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Barmah Horse Management Program Park Subotopic Layout
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Parks Victoria and Yorta Yorta Nation Aboriginal Corporation (YYNAC) are working with the community to explore ways to reduce the impacts of the Barmah horse population on Barmah National Park. The wild horse population is impacting sensitive environmental and cultural sites through grazing pressure, trampling and pugging.
A Barmah Horse Advisory Committee (BHAC) has been established to provide specialist advice on horse management and consultation with the broader community.
The BHAC supports the objective of protecting the River Red Gum floodplain ecosystems and cultural heritage sites, whilst recognising the social and heritage values of the Barmah horses.
Engaging with the BHAC is proving to be an effective way of facilitating diverse community views and capturing local knowledge to consider options for how the horses should be managed. Management strategies may include removal and rehoming of the horses. There are no plans to cull Barmah horses.
An aerial survey conducted in January identified a minimum of 140 wild horses in the park. Parks Victoria is undertaking further work to build on research to date to better understand the specific impact of the horses within the park and the cultural, social and heritage values associated with the horses.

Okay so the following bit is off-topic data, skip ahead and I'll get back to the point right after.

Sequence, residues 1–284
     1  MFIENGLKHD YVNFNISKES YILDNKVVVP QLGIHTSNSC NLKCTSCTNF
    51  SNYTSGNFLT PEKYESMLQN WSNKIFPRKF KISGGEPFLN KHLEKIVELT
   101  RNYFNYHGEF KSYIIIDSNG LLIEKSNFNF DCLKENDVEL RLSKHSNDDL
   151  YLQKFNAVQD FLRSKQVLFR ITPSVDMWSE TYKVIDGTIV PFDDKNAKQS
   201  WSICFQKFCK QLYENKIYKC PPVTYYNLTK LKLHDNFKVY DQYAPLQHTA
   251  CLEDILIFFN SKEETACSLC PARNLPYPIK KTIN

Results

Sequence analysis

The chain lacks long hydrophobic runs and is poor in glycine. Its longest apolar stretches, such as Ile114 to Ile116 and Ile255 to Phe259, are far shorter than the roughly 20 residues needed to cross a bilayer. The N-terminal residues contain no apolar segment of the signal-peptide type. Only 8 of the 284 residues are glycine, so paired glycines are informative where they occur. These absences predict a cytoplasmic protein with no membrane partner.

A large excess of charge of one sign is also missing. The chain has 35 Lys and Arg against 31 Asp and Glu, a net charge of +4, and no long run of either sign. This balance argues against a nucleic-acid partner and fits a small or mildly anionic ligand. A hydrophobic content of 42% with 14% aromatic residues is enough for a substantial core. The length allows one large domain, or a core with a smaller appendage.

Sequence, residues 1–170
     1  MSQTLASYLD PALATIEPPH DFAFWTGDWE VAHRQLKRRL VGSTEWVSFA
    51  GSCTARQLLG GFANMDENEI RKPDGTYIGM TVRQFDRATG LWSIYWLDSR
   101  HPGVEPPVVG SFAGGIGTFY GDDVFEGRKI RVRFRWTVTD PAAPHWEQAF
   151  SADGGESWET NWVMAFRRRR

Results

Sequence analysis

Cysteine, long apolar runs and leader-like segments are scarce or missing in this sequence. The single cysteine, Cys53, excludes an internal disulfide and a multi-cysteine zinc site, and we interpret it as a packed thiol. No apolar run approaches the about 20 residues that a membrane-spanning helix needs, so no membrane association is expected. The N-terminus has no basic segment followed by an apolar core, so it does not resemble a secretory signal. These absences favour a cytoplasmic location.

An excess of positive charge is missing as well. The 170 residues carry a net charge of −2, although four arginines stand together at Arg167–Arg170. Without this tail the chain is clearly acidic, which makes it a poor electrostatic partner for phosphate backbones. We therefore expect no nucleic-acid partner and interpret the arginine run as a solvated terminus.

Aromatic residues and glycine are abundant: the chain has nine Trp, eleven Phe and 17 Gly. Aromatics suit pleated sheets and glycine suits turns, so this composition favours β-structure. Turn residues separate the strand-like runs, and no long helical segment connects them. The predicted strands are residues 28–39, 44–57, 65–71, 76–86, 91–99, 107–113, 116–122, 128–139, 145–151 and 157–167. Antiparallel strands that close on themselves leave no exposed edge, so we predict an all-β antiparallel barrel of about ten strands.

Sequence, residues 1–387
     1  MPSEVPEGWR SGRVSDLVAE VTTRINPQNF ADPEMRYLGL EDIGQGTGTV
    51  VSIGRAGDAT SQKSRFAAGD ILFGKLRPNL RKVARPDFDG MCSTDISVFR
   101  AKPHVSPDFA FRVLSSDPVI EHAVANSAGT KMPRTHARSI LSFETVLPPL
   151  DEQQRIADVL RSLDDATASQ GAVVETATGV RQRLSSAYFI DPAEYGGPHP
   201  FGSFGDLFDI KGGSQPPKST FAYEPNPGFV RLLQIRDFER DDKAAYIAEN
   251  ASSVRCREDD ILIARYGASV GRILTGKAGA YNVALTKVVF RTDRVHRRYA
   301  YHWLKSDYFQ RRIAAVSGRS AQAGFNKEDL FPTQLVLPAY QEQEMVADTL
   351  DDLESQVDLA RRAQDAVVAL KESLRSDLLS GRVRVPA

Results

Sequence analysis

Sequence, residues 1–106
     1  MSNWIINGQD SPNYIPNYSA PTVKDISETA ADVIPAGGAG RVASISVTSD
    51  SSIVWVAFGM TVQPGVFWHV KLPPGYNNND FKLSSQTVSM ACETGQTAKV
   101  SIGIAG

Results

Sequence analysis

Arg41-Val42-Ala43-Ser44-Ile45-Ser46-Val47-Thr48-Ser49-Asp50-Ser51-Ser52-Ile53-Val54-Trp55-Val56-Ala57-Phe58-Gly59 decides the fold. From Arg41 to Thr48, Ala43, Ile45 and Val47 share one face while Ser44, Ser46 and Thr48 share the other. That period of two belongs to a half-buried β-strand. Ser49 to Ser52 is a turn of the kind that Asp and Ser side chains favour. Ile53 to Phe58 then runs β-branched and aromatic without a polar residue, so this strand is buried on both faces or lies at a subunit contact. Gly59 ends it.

Parks Victoria and Yorta Yorta will work collaboratively with the BHAC to document this knowledge to inform the development of a Barmah Horse Management Strategy and develop methods for broader consultation with the community.
A state-wide horse management reference group will also provide high level technical advice to Parks Victoria to guide the development of wild horse management strategies.
The Barmah Horse Advisory Committee includes representatives from long-standing community and specialist groups including Barmah Forest Cattlemen’s Association, Barmah Forest Preservation League, Goulburn Valley Environment Group, Moira Shire Council, RSPCA (Victoria) and the Victorian Brumby Association.
Representatives were selected based on specific knowledge, experience and skills relating to the program including bush knowledge, horsemanship, environment and cultural heritage protection and the humane treatment of animals.
Barmah National Park is part of the largest River Red Gum forest in the world. It supports many rare and threatened plants and animals, and contains Ramsar-listed wetlands of international significance. The park contains many cultural heritage sites and is significant to the Yorta Yorta people as part of their traditional Country and ongoing cultural activity.
07 Nov 2013
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